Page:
Natural light is a valuable “tool” of every travel and documentary photographer. Most of us don’t really like shooting in the harsh midday sun, but sometimes there’s no other choice, especially when your time at a location is limited. In this video, photographer Mitchell Kanashkevich shares tips that will help you get the best of any lighting conditions. He will guide you through all weather conditions and parts of the day and teach you how to get the best out of the light they give you.
Most of us have learned that the best time for shooting in natural light is during golden hour. But, when you’re traveling, you often don’t get to choose when you’ll be shooting. For example, I often go to short field-trips, and my shooting schedule depends on the bus timetable. So I always try to get the most of any light I have that day.
Mitchell talks about these situations; when you have to work with what you have and can’t wait for the golden hour. So, why not make the best even out of the harsh midday sun? After all, this is much less limiting, and if you know how to use every light – there’s no “bad light.”
As Mitchell puts it, photos can tell stories and convey the mood of the moment when you pressed the shutter. The golden light makes them beautiful and appealing to the eye – but a photo “doesn’t have to be beautiful to be powerful.”
Even though golden light can make the photos look more appealing, sometimes the harsh midday light will help you tell the story better. For example, when shooting photos of a life in a desert, Mitchell consciously made the decision to shoot in the midday sun. The light during that part of the day added to the sense of hardship he wanted to convey in his photos.
Mitchell says there is not “good” or “bad” light. For travel and documentary photographers, it’s much more useful to see the natural light as a tool that helps them communicate visually. Choosing the right type of light will do a lot for the story you want to tell.
Adapting to natural light
What happens if you have an idea and the light you need to actualize it: but the weather doesn’t cooperate? This also happens a lot when you travel; it’s not something you can affect. Well, in the cases like this, you need to adapt. If you need sunny weather and nature doesn’t listen – then look for situations that don’t need to be enhanced by light, and scenes that tell your story regardless of the light.
Instead of feeling frustrated, try switching switch to capturing the mood and the surroundings as they are. You can also shoot indoors, but this video is about natural lighting outdoors, so we’ll stick with that.
Types of natural light
Mitchell distinguishes five types of natural light. These types of light affect how we see, what we feel, and the meaning we attach to particular photos.
1. The golden hour light
The golden hour light around sunrise and sunset makes almost everything look beautiful. The colors are vivid and there’s a golden tint. It conveys a sense of calmness and happiness and a generally positive feel. It’s also great for silhouettes.
2. Harsh light around the midday hours
The harsh light is useful when you want to show the “real, raw, gritty and unfiltered reality.” Depending on your position in relation to the sun, some textures can look prominent under this light. If you want to show wrinkles and skin imperfections, this is the light you should choose.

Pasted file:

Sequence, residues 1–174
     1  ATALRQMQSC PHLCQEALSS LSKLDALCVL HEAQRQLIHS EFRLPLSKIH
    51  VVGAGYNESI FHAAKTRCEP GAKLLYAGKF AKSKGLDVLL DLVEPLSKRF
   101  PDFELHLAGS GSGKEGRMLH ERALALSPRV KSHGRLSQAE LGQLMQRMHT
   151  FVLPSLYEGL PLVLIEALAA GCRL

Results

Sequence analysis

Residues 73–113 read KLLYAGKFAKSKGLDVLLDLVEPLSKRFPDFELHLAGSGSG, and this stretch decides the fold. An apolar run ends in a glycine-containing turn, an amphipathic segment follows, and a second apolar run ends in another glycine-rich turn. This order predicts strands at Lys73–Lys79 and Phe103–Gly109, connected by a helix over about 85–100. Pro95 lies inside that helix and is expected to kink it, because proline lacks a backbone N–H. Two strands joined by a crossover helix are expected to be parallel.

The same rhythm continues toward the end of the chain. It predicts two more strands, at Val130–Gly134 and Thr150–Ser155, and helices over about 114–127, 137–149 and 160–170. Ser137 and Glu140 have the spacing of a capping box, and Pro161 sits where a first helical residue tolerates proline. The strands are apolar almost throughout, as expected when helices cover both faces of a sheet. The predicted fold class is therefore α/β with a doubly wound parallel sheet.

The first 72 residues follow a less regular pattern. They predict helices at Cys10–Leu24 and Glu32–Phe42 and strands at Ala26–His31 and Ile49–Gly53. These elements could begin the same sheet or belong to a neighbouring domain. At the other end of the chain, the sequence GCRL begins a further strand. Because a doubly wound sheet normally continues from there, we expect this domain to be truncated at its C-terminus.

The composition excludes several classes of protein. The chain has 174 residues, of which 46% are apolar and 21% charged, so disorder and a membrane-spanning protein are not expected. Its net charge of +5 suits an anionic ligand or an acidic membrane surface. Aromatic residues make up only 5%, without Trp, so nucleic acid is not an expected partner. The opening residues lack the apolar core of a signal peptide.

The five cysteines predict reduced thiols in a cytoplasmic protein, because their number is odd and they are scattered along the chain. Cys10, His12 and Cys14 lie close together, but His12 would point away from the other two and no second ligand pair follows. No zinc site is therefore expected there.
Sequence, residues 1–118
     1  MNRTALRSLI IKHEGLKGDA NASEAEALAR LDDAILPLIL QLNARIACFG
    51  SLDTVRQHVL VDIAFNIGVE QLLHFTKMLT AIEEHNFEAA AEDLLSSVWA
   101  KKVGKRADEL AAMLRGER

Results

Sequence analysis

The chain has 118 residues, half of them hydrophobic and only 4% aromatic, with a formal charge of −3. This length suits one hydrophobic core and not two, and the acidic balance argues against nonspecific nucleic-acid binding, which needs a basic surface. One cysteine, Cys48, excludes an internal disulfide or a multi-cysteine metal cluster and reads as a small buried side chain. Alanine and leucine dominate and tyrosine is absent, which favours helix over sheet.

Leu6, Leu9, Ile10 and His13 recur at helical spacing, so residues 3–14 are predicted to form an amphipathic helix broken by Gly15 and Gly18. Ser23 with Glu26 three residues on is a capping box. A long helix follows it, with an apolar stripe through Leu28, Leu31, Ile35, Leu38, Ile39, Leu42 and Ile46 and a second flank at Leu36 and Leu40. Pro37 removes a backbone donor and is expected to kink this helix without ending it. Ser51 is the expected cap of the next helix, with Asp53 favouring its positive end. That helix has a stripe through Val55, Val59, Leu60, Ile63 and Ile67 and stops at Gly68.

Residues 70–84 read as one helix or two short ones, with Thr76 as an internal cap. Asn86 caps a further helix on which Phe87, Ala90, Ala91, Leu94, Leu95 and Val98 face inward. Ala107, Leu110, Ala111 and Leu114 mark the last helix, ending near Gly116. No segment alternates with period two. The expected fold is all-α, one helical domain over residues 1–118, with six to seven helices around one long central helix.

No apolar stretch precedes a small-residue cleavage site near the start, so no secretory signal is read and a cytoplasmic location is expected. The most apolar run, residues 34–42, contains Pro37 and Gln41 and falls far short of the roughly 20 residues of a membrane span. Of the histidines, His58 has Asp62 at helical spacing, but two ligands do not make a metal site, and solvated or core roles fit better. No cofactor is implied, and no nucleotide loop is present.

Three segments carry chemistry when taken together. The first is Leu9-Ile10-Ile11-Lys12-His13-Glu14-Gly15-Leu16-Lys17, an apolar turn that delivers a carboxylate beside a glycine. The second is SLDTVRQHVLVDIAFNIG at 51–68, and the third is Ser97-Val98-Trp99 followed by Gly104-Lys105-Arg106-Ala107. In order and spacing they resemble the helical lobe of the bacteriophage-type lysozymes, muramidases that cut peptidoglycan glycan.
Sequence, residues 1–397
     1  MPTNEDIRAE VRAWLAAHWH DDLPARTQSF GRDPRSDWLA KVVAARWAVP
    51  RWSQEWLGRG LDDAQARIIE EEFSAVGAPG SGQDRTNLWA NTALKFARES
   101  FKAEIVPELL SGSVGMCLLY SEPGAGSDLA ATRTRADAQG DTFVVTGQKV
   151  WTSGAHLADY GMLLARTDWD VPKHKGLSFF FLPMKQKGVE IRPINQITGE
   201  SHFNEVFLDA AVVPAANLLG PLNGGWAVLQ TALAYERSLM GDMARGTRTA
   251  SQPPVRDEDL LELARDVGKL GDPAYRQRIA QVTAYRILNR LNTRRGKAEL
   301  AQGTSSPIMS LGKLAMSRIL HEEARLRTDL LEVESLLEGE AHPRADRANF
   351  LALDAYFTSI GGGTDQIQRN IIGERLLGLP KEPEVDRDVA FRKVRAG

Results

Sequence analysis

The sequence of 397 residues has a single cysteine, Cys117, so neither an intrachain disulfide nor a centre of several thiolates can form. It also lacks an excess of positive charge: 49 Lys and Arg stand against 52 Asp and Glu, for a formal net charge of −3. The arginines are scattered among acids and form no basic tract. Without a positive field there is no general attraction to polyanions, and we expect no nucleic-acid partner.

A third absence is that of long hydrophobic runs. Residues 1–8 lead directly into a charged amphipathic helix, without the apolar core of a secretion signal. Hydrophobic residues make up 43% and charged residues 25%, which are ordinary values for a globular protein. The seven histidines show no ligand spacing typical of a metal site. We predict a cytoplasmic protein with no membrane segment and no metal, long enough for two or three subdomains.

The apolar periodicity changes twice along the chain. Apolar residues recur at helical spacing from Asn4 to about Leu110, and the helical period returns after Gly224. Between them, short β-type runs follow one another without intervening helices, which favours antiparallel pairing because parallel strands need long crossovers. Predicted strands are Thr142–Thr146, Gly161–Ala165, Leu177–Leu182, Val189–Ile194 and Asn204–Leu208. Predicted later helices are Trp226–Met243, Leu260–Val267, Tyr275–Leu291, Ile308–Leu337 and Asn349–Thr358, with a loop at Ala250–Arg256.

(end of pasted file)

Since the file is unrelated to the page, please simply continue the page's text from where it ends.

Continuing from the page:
3. Light on overcast days
This type of light is neutral and flat and doesn’t add any tint or “punch” to the images. In the conditions like this, Mitchell suggests including the weather into the shots, almost like it’s a character. Also, you can photograph the subjects that are interesting in themselves, some sort action happening, or sadness/melancholy.
The light during twilight can cast bluish, or even purple, orange or pink tint before the sun sets. During the early twilight, the sky can get very dramatic, and it can be a part of your composition. When the blue hour comes, you can use the light to create a sense of mystery and mystique. The photos you create when the light is bluish can be suggestive and poetic rather than literal.
5. Lighting conditions in the fog
The light during foggy days creates atmospheric, strong sense of mood. In a thick fog, the light is very soft and everything is flat and greyish, similar to an overcast day. But the difference is that, when you move away from the subject, you lose details. This isn’t a bad thing, but it gives you new creative opportunities. You can create evocative, poetic, minimalistic, suggestive photos. Make fog the feature of the photo, almost like it’s your subject.
There’s also light on foggy days when the sun comes out. It’s very appealing and magical, and it could make you want to photograph anything. This brings Mitchell to another way of approaching natural light: using it as the driving force behind the photo.
Natural light as the driving force behind the photo
Sometimes the light is so striking, that it can become a character in its own right. For Mitchell, a foggy day is a time when he feels like he could shoot anything and include the weather in the shots. He also likes when the light interacts with other elements like smoke, dust or water. He advises that you use any lighting situation that inspires you: just go out there and shoot, experiment and enjoy.
In addition to the video, Mitchell also shares a free PDF guide to natural light, and you can download it here. I hope this video has inspired you not to worry so much about “getting the good light” when you travel. If you know how to use it and you can adapt, every light will be good.